Education in the arts
Brandon Keelean | Wednesday, February 22, 2012
Some of the most brilliant minds in the human race have mastered visual arts, but most modern students stop learning visual expression techniques after the clay snowmen they make in middle school. Leonardo Da Vinci used drawing to explore the human form, and the late Steve Jobs often explained how a typography class he took in college helped him in his work at Apple.
I am from Michigan. Our government passed legislation increasing the specificity of requirements for high school graduation in 2006. The new law did not go into effect until the graduating class of 2011, so I was spared the stringent new requirements of four years of math and English and three years of history and science. My brother, however, was not. These new requirements, and others like them around the nation, represent a movement away from arts education.
I received an education in art starting at a young age. My parents sent me to art camp at the age of eight; I had the opportunity to take a number of arts classes before I came to Notre Dame and I have continued my arts education here. An education in basic visual communication methods is one that would benefit any student, regardless of their intended career path. Let’s explore why.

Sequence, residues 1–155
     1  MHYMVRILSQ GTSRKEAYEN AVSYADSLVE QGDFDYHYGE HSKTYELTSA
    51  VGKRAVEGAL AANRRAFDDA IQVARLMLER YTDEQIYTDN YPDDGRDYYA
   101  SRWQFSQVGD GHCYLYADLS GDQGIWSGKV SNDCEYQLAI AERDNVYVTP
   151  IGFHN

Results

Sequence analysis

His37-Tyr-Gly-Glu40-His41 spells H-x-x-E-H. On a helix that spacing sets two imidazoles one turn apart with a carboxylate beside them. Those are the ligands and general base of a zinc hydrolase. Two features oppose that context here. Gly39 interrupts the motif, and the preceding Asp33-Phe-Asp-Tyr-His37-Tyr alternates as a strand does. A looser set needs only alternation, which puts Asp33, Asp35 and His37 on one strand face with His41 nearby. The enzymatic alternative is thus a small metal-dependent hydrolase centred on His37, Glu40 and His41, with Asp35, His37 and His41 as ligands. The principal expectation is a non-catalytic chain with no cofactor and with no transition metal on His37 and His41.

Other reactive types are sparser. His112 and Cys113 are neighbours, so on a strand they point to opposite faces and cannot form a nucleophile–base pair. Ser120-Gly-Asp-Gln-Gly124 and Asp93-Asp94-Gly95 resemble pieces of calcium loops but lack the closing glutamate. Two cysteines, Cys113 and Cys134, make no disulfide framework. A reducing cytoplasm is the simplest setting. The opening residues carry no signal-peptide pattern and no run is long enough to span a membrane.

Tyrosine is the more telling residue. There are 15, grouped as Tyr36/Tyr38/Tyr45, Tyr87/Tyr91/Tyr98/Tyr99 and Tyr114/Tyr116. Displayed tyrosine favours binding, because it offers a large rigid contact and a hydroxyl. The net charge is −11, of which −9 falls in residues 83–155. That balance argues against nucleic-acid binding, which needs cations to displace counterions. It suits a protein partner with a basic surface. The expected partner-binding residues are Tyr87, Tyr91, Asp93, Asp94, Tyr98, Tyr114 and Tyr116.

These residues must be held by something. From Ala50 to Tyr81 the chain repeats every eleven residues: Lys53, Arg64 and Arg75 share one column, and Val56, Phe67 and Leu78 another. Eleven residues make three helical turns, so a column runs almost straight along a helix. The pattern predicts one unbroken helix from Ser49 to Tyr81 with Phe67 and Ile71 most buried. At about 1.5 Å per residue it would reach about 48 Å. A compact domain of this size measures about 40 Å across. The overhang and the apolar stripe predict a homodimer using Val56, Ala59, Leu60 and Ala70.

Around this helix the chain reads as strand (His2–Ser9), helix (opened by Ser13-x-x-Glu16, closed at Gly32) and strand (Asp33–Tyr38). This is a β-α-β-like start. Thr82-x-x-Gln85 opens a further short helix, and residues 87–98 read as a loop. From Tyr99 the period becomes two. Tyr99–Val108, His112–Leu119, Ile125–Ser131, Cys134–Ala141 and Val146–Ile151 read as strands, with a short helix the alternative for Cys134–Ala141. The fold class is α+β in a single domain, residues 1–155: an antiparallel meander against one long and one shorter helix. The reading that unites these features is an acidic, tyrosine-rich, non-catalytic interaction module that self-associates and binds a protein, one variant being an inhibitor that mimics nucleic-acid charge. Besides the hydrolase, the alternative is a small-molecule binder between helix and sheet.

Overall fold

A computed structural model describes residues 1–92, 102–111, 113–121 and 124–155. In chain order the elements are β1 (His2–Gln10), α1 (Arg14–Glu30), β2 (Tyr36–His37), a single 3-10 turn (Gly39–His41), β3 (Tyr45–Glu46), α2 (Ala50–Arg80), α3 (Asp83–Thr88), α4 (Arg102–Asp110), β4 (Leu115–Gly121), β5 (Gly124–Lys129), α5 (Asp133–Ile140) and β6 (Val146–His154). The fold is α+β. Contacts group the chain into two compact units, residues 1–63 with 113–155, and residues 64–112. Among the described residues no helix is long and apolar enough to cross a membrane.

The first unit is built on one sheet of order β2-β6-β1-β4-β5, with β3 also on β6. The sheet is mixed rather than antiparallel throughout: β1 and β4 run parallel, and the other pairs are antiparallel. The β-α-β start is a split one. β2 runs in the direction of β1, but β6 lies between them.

First, an understanding of drawing or modeling is an invaluable skill to communication. To explain a complex problem or method, the ability to sketch it out on a piece of paper or build a model that represents the solution can communicate faster than words. Like they say, a picture is worth a thousand words — and I challenge you to find a career path that does not require you to communicate.
Second, even if you are not an artist yourself, you will likely work with an artist of one form or another at some point in your career. Design, illustration and 3D modeling, among others, affect so many of the things we see in the world. Every ad, program, logo, picture and app you see was created by an artist. (Maybe it wasn’t exactly a good artist who created them, but they were created nonetheless.) When you are trying to articulate a concept to these creative professionals, it will help to have walked in their shoes. You will know what they have to do in order to accomplish what you’ve asked of them.
Third, and perhaps most importantly, it gives you a way to express yourself. The catharsis that artistic expression can provide should not be taken lightly. Child psychologists sometimes ask children to draw in order to explain their feelings because visual expression is an instinctive way we communicate. Just like writing in a journal can help clear your thoughts, painting, drawing, pottery or any number of other artistic methods allow you to express what you feel.
I cannot promise that by taking an art class you will become the next Da Vinci or Jobs, but you will probably enjoy it and it will definitely benefit you in your life and career.
So, when you are considering what to take for your fine arts requirement, think seriously about the visual arts classes offered in Riley Hall.
Contact Brandon Keelean at firstname.lastname@example.org
The views expressed in the Inside Column are those of the author and not necessarily those of The Observer.